Declaration of Independence

We hold these truths to be self-evident, that all men are created equal, that they are endowed by their Creator with certain unalienable Rights, that among these are Life, Liberty and the pursuit of Happiness. - That to secure these rights, Governments are instituted among Men, deriving their just powers from the consent of the governed.

Sunday, November 6, 2011


                    The topic of discussion for this Constitution Monday comes from Article I.8.13:  "The Congress shall have power … To provide and maintain a Navy."  This clause clearly mandates that Congress will "provide and maintain a navy."  The Founders obviously considered a navy to be less threatening than a standing army because they put no conditions in this clause.

                    The Founders understood the importance of having a Navy because Washington lost New York simply because he had no navy.  If France had not agreed to enter the war on behalf of the Colonists, the Americans would have continued to be at the mercy of the British and they definitely would not have been able to corner the British at Yorktown and win the war.  John Paul Jones, with help from Benjamin Franklin, launched a few ships from France.  Jones became a naval hero when he captured a British ship by lashing his own ship to the British ship, but the navy actually played a very small role in the cause of liberty.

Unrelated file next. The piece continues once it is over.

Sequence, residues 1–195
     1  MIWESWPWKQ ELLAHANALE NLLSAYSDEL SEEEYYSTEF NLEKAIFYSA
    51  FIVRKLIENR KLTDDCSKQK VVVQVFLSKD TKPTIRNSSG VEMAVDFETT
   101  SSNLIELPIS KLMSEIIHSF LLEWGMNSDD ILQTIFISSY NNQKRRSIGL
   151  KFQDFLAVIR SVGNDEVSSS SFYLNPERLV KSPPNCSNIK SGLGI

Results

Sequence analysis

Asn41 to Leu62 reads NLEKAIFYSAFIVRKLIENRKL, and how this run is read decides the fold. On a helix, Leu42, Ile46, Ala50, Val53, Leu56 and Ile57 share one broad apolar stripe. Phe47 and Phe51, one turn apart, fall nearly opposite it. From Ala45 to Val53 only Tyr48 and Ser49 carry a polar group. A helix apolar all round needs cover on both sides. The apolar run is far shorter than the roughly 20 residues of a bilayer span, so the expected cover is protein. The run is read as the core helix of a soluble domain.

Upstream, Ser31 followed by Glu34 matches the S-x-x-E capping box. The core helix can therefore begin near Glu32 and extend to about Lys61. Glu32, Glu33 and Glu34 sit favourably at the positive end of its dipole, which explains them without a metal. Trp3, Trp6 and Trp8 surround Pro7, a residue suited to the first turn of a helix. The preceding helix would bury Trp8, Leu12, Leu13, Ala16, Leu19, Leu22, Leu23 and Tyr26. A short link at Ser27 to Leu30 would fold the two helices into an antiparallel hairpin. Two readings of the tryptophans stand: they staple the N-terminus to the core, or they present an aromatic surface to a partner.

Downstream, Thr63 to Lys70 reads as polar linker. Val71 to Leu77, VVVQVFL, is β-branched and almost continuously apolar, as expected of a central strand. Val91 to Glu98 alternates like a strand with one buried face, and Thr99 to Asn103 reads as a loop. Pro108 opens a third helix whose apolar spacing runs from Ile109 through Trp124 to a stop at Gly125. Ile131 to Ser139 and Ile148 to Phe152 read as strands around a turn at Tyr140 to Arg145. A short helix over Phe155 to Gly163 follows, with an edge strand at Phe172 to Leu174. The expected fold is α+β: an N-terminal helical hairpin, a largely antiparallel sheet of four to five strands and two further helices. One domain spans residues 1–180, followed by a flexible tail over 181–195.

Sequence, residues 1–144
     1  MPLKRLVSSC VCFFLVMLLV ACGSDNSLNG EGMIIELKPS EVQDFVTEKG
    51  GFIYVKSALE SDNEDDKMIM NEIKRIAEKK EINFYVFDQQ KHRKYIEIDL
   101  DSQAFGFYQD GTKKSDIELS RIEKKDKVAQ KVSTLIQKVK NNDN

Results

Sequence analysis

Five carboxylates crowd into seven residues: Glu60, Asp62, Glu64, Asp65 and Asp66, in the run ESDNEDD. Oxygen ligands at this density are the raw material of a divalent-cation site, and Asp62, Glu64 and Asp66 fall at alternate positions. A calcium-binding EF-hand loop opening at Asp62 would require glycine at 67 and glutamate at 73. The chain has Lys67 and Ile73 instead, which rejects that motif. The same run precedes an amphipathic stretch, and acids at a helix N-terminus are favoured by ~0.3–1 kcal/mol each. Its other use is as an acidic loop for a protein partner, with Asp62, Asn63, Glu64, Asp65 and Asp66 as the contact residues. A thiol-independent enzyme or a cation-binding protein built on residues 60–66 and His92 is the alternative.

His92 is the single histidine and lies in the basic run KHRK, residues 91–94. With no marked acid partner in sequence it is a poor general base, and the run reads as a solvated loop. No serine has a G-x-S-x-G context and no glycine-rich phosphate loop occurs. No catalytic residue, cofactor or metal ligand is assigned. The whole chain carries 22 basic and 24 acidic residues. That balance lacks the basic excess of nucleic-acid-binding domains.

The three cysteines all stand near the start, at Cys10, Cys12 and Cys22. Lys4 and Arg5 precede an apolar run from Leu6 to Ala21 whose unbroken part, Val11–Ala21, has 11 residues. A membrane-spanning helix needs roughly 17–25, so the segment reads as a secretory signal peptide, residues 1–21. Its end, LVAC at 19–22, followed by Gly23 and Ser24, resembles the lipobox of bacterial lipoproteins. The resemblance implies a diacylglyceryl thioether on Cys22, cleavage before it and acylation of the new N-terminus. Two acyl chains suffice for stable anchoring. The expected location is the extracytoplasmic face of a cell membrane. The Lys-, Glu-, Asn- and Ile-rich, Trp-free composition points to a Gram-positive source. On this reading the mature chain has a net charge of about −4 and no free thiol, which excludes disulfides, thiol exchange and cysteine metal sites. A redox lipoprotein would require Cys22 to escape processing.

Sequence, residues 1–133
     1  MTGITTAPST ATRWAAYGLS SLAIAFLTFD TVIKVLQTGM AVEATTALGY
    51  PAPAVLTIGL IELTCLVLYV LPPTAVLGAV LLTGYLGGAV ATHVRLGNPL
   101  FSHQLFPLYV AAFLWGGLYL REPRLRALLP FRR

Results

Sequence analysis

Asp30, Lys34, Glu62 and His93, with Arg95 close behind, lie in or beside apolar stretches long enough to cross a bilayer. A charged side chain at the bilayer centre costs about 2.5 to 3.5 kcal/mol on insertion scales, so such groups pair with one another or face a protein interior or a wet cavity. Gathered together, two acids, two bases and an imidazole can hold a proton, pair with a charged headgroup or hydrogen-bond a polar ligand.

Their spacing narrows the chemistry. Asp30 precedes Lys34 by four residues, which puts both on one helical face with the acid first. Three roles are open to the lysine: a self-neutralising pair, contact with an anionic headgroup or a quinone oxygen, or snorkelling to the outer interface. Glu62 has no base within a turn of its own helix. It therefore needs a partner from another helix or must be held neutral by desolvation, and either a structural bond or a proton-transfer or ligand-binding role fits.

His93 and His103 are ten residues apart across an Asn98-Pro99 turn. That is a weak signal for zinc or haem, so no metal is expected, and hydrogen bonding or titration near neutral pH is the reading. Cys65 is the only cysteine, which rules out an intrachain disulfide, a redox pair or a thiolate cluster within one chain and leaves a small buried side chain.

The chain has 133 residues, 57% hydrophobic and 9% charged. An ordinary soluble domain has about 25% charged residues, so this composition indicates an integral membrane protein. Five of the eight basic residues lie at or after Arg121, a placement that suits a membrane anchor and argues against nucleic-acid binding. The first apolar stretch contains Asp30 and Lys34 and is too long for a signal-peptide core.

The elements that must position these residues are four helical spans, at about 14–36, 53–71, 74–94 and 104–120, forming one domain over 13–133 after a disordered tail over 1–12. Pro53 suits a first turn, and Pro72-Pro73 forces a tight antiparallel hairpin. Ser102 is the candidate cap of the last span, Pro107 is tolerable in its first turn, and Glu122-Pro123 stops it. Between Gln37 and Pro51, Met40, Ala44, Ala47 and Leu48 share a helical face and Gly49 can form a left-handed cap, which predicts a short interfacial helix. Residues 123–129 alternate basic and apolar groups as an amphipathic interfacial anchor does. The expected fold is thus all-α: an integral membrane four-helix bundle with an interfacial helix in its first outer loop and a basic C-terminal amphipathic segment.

"The wisdom of granting Congress the power to provide and maintain a navy became evident during the two decades after the framing and ratification of the Constitution.  As Europe once again erupted in war, American merchantmen increasingly found themselves at the mercy of British and French warships and the corsairs of the Barbary States.  Only the rapid creation of a navy permitted the United States to hold its own in the Quasi War with France (1798-1800) and the War of 1812 with the British.
                    "The Navy Clause has changed little, if at all, in practice.  Neither have the arguments for and against naval power.  Indeed, many of the major debates over foreign policy that have taken place since the middle of the nineteenth century were adumbrated by those between Federalists and Anti-Federalists during the framing of the Constitution."  (See Mackubin Owens, "Navy Clause," The Heritage Guide to the Constitution, p. 135).

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